Firm warns Scots about po­ten­tial health risks from new ‘su­per­midge’

The Oban Times - - Letters -

CHANGES to the Scot­tish cli­mate could soon see the rise of a new species of ‘su­per­midge’ which has the po­ten­tial to trans­mit dis­ease to hu­mans, ac­cord­ing to industry ex­perts.

Pyra­mid Travel Prod­ucts says the in­creased num­ber of for­eign species be­ing found in Scot­land could be bad news for agri­cul­ture, tourism, and even hu­man health.

In Scot­land the most com­mon form of midge bite comes from the Culi­coides im­punc­ta­tus species (bet­ter known as high­land bit­ing midge) which is re­spon­si­ble for 90 per cent of bites. De­spite this, there are now more than 37 dif­fer­ent species of midge known to ex­ist across Scot­land.

There has been in­creas­ing con­cern about more ag­gres­sive species of midges be­ing blown over from Europe, in­clud­ing Cu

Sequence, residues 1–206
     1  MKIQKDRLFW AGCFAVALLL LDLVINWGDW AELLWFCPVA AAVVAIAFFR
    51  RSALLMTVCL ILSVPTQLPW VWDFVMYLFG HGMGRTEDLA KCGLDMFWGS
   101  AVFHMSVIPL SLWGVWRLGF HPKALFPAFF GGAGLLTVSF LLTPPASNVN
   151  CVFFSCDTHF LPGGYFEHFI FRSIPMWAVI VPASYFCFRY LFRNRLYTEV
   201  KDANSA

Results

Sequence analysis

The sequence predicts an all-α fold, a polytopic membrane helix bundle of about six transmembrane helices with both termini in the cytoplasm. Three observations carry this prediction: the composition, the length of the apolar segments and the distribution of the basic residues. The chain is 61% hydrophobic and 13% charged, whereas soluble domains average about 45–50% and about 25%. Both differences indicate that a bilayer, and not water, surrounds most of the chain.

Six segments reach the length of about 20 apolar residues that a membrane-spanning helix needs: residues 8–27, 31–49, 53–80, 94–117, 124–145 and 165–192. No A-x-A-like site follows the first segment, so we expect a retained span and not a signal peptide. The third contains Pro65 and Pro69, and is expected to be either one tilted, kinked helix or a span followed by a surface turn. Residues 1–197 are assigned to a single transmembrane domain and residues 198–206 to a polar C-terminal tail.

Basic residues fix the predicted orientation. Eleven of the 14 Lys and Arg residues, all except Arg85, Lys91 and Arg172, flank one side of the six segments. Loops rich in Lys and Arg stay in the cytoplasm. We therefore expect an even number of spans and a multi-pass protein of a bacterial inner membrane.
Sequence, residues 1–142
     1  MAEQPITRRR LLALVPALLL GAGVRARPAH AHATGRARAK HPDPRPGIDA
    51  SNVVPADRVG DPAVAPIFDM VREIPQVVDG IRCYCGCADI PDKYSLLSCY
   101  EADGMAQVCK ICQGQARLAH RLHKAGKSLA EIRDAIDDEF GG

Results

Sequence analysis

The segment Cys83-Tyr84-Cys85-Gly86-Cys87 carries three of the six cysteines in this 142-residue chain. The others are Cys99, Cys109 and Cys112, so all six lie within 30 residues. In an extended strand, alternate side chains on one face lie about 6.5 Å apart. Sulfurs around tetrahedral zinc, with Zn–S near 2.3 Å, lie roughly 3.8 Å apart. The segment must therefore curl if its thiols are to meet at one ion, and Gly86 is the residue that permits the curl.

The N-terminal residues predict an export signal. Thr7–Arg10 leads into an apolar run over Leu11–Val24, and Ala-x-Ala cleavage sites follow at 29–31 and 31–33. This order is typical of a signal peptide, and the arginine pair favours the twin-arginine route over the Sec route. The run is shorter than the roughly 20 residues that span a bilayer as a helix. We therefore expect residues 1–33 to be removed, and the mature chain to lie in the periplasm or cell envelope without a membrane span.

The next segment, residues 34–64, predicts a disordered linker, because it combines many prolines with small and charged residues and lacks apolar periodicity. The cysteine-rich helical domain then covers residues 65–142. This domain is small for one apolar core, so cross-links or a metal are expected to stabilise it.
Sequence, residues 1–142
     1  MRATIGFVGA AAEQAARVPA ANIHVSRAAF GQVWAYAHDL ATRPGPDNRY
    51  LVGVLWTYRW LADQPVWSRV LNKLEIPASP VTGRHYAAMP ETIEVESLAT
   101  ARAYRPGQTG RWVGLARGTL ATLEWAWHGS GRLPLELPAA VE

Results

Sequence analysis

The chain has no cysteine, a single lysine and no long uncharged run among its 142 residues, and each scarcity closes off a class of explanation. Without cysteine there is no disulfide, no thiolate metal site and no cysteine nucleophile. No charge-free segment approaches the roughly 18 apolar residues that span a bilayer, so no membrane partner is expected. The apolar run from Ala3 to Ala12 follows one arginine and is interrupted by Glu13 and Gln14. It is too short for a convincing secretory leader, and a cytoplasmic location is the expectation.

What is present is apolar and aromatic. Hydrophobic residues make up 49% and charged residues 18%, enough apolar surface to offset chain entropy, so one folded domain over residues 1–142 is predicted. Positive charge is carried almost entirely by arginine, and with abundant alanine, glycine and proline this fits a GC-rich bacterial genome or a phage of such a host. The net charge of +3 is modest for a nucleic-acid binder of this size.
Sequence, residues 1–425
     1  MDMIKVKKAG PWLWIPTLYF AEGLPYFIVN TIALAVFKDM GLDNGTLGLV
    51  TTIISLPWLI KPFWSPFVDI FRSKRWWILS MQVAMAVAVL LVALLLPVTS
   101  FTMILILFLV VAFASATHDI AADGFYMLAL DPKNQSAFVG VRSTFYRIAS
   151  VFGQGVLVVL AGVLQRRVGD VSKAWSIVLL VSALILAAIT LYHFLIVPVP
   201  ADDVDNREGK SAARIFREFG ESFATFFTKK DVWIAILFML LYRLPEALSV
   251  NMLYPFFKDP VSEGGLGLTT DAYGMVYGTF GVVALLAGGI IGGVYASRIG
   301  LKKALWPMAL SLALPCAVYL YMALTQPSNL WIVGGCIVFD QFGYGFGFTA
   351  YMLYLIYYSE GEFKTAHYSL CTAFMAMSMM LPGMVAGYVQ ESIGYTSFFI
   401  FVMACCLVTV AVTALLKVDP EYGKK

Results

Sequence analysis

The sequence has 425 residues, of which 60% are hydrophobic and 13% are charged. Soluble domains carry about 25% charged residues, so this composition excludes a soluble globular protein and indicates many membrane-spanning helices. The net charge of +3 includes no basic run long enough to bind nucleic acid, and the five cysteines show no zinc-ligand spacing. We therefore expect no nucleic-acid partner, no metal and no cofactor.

li­coides ob­so­le­tus. Th­ese species have been re­spon­si­ble for out­breaks of deadly Blue­tongue and Sch­mal­len­burg virus in live­stock.

Although th­ese dis­eases are not com­mu­ni­ca­ble to hu­mans, there are con­cerns that some midges have the po­ten­tial to trans­mit dis­ease in ways sim­i­lar to mos­qui­toes, with re­search al­ready un­der way to try to un­der­stand the chang­ing dynamic.

Ni­cola Cameron from Pyra­mid Travel Prod­ucts said: ‘Scots are used to deal­ing with the nui­sance and dis­com­fort caused by midge bites, but there are con­cerns that a new breed of ‘su­per­midge’ could in time bring new prob­lems, not con­fined to the usual dis­com­fort as­so­ci­ated with the High­land midge.

‘Whilst the High­land midge is un­doubt­edly a pest, should a new species es­tab­lish them­selves in Scot­land with the po­ten­tial to carry dis­ease to hu­mans, there could be an ob­vi­ous im­pact for agri­cul­ture, tourism, and gen­eral health.’

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